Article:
Kate BradshawIf you've been a member of the local media for a while, you are hard-wired to recognize the faintest utterances of a Rays exec about the stadium stuff as NEWS! Well, probably not a scoop, but what else is there to cover this week anyway besides loud, zooming cars? Why is covering the Rays' stadium saga so "important"? Well, it has to do with the old-timey notion that big sports teams bring big money for the cities that pay big money to build them.
Kate BradshawAs they waited for throngs of Blake High School students to pass, four women stood near Doyle Carlton Drive talking about guns. Three were mothers of Blake students who were taking part in a walkout to protest policies that make it easy for mass shootings to take place. One of the women didn't have a kid at Blake, but she stood near her friends holding a handwritten placard calling for a ban on assault weapons. None elected to be identified.
Kate BradshawIt's unclear where Luis Blanco is, what he'd do in Mexico and when he will see his family again. But local progressive activists wanted to let his pregnant wife and six children know that one thing was certain: the community has their back as they face the tribulations brought on by the deportation of their sole breadwinner.
Muck Rack makes it simple to find people, tweets, or articles that mention any name, keyword, company, hashtag etc. We've compiled this guide to help you make the most of your search.
Selecting a term
Start searching tweets, articles from media outlets, articles mentioned in tweets, journalists'
names, titles and bios with some suggested searches:
Companies or Topics (e.g. iPhone, Microsoft)
Phrases (e.g. "cloud computing") — use quotes to keep the terms together
Twitter handles (e.g. @username) — returns those who have mentioned or replied to
Names (e.g. "David Pogue")
Hashtags (e.g. #sxsw, #london2012)
Bio details (e.g. vegan, Olympics, father)
Muck Rack's Advanced Search allows for many boolean operators.
Find results that mention multiple specified terms, use AND or
+. For example, ensure each result contains both Elon Musk and Mark Zuckerberg by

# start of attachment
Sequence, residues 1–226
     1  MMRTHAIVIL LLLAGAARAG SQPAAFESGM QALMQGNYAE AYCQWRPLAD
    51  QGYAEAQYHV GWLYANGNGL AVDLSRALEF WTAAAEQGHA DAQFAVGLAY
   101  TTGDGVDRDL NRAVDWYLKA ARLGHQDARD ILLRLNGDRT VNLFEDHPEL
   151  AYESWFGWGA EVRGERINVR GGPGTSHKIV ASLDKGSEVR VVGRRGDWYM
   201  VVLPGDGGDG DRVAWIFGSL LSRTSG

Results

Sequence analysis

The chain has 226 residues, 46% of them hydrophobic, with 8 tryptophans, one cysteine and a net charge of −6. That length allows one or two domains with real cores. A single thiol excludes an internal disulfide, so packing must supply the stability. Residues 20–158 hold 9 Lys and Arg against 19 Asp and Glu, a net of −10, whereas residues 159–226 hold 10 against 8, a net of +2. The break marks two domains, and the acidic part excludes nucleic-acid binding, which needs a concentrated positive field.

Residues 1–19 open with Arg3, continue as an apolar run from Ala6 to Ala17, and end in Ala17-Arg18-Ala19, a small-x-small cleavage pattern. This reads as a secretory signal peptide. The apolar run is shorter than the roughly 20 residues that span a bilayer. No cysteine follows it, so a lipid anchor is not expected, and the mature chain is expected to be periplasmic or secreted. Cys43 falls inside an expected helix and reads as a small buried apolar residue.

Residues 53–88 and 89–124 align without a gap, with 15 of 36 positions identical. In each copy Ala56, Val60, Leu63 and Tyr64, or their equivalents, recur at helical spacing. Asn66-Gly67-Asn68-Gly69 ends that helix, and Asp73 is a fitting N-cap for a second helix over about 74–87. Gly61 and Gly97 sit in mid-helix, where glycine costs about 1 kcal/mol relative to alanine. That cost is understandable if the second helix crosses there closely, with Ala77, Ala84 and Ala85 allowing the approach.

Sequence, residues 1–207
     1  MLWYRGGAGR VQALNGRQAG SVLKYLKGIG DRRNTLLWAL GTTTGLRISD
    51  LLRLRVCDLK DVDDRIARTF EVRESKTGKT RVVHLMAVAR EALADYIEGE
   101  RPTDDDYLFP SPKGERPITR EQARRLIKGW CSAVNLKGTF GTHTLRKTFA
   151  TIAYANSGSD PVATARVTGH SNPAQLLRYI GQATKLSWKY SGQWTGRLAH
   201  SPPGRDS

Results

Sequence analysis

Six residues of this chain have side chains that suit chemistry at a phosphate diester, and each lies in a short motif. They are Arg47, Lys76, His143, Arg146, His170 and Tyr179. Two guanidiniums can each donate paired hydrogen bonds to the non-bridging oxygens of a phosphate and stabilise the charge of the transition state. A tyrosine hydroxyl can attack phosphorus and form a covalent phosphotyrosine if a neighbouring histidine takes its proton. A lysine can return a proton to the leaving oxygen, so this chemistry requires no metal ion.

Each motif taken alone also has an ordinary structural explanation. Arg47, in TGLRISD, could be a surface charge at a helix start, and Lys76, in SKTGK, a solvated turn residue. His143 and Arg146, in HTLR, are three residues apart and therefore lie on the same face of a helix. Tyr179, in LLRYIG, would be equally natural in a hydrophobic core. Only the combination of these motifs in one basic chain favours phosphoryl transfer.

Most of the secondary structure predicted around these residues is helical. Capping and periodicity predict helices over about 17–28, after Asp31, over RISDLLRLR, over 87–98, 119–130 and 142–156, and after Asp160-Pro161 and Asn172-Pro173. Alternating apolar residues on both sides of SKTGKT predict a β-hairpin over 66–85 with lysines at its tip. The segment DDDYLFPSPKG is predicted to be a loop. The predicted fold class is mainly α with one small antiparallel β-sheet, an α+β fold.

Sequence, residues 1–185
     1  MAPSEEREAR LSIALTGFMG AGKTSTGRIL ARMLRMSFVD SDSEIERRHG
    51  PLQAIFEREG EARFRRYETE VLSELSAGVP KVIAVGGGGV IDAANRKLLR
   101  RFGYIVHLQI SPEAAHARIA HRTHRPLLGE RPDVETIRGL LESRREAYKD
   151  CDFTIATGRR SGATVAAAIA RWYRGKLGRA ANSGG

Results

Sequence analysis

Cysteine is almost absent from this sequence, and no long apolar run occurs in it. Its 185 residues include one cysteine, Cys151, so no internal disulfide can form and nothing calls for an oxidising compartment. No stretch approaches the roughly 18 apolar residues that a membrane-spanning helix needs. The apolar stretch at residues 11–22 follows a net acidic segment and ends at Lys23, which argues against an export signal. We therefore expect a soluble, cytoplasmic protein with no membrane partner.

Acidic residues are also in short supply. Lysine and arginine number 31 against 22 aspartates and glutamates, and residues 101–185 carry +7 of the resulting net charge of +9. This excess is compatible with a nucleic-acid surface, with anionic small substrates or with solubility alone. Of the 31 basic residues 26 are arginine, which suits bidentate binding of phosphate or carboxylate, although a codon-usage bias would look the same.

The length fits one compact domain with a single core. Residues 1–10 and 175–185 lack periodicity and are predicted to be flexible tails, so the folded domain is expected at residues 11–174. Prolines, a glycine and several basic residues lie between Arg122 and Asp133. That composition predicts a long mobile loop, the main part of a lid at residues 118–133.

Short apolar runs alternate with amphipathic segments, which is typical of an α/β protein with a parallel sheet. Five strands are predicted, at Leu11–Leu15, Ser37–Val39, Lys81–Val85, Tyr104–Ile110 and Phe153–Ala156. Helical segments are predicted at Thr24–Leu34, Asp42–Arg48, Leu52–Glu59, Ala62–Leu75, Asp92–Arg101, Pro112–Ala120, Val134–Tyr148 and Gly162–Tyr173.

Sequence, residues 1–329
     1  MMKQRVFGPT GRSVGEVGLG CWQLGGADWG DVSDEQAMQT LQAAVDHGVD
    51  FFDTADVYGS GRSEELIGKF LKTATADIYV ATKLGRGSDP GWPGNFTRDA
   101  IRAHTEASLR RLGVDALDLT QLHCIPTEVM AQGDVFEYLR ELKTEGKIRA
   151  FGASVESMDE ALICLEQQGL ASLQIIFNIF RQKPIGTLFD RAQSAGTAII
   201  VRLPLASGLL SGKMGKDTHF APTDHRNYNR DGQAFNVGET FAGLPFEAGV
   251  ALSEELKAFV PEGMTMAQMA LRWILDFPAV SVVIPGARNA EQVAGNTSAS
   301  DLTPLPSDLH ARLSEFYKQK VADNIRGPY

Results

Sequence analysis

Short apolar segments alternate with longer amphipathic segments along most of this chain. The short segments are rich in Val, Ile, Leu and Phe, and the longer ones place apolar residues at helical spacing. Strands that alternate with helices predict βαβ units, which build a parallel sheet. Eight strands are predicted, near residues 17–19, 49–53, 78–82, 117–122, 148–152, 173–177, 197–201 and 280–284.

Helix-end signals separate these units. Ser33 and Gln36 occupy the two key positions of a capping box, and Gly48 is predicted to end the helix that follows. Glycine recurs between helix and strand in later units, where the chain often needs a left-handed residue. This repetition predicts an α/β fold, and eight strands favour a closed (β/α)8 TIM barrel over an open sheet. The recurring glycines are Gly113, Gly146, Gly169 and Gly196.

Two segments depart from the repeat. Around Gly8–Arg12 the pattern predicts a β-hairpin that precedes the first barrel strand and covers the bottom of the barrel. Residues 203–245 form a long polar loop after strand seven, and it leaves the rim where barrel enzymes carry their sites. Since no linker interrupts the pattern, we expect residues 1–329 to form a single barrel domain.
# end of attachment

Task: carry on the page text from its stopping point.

searching Musk AND Zuckerberg or Musk + Zuckerberg.
Use the operators OR or , to broaden your search when you'd like either of
multiple terms to appear in results. (This is the default behavior of our search when no operators
are used). For example, results will contain either cake or cookie by searching cake OR cookie or cake,cookie
Use NOT or - to subtract results from your search. For
example, searching Disney will yield results about the Walt Disney Company as well as Walt Disney
World Resort. To exclude mentions of Disney World, search for Disney -World or Disney
When using one of these operators with a phrase, enclose it in quotation marks. For example, you can
find results about smartphones excluding Apple's iPhone 4S by searching smartphone -"iPhone
Exact case matching or punctuation
If you're searching for a brand name or keyword that relies on specific punctuation marks or capitalization, you can
find results that match your exact query by adding matchcase: before the keyword you're searching for, like matchcase:E*TRADE .
Use parentheses to separate multiple
boolean phrases. For example, to find journalists talking about having fun in Disney World or
Disneyland, search for ("disney world" OR disneyland) AND fun.
An asterisk can be used to search for any variation of a root word truncated by the asterisk. For example, searching for admin* will return results for administrator, administration, administer, administered, etc.
A near operator is an AND operator where you can control the distance between the words. You can vary the distance the near operation uses by adding a forward slash and number (between 0-99) such as strawberries NEAR/10 "whipped cream", which means the strawberries must exist within 10 words of "whipped cream".